A paragraph culled from the Bank of Botswana (BoB) confidential correspondence finds bank Governor, Linah Mohohlo, in a secret meeting with the Chief Internal Auditor, Joe Mutwale. The pair is mulling over information leaked to Letlhakeng East Member of Parliament, Gordon Mokgwathi, on how much Mohohlo’s lifestyle and external trips are costing government.
The Governor drives the latest Mercedes Benz S-350 official vehicle with a P612 000 price tag on it; she lives in a P 4,4 million official mansion furnished at P 1 million and her external trips cost the bank about P900 00 in one year.
The curtains alone are somewhere in the region of P300, 000. Mohohlo is uncomfortable that MPs would be alarmed, even outraged, at her seemingly obscene taste for life’s creature comforts and a high rolling lifestyle; all paid for by the state.
Worried at how this privileged information reached Gordon Mokgwathi, the no nonsense Governor directs the Chief Internal Auditor to go through the staff telephone bills and find out who the heck among her staff members has been rattling to the member of parliament.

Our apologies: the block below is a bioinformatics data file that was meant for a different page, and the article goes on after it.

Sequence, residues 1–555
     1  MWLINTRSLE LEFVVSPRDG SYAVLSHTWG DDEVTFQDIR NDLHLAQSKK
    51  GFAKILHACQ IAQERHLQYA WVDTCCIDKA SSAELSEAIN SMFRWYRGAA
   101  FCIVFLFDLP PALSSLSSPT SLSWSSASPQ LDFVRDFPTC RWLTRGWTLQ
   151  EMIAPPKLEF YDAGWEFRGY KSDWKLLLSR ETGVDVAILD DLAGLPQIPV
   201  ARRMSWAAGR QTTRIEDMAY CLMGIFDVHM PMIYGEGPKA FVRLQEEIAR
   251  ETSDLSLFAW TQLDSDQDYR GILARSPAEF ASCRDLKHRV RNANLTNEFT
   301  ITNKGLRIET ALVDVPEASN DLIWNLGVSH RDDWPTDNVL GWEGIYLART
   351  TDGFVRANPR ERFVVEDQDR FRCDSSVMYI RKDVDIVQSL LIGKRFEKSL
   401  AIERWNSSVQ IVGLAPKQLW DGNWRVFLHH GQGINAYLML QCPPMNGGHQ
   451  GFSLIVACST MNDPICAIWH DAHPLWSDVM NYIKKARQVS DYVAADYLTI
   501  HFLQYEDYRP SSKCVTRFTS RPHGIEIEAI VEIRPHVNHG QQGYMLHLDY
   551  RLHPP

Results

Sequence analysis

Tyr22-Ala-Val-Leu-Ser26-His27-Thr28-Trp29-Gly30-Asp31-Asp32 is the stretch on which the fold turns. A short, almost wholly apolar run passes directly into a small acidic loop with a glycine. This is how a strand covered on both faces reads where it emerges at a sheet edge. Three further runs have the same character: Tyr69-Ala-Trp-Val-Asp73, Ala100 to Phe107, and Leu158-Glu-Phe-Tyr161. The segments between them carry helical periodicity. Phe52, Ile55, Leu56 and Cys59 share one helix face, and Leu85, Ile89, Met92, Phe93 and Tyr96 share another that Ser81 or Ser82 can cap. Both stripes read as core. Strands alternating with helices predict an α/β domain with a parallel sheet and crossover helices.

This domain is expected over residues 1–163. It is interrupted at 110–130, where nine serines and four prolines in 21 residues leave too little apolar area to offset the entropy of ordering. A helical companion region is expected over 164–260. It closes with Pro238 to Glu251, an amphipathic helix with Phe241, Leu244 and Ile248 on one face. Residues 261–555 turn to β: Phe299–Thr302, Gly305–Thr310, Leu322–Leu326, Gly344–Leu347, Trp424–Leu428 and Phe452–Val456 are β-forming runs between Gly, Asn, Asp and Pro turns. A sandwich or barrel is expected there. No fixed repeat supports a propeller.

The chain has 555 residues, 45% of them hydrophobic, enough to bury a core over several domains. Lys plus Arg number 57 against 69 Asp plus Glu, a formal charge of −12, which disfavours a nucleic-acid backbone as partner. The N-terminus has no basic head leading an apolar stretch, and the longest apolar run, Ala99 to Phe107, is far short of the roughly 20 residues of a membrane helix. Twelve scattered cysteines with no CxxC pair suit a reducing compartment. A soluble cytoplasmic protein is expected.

Another paragraph from the confidential correspondence finds Mohohlo on the phone on the night of 18th March 2007 speaking to the Chief Internal Auditor who was on the other end. Mohohlo wanted the Chief Internal Auditor to edit out the per diem figure of P343 212.02 from the report that was to be presented to parliament because the figure might look “alarming”.
Loyal to his accounting principles, the Chief Internal Auditor refused to delete the amount, but somewhere between the Governor’s desk and the parliament floor, the figures got doctored. The P10 000 garden shed and P120 000 air conditioners were edited out of the true cost of the Governor’s house.
In the end, the cost of furnishing the Governor’s house, together with her foreign excursions, were massively understated.
The confidential correspondence between the Bank’s Chief Internal Auditor and Board Audit Committee Chairman, Gordon Cunliffe, suggests a recurring pattern by the Central Bank’s management to hide information on salaries and expenditures. In fact, the Bank’s Chief Internal Auditor goes so far as to conclude that “management appears to be in the habit of misleading either the public or the Board.”
Another paragraph from the correspondence talks of an unhappy meeting between Mohohlo and the Chief Internal Auditor. The governor castigated the Chief Internal Auditor for telling an Audit Committee meeting that Bank of Botswana salaries were higher than the market going rates. “She said that she had been telling the board that the bank pays below the market and that after what I said, it would be difficult for her to convince the Board to award the bank staff increments,” wrote Mutwale.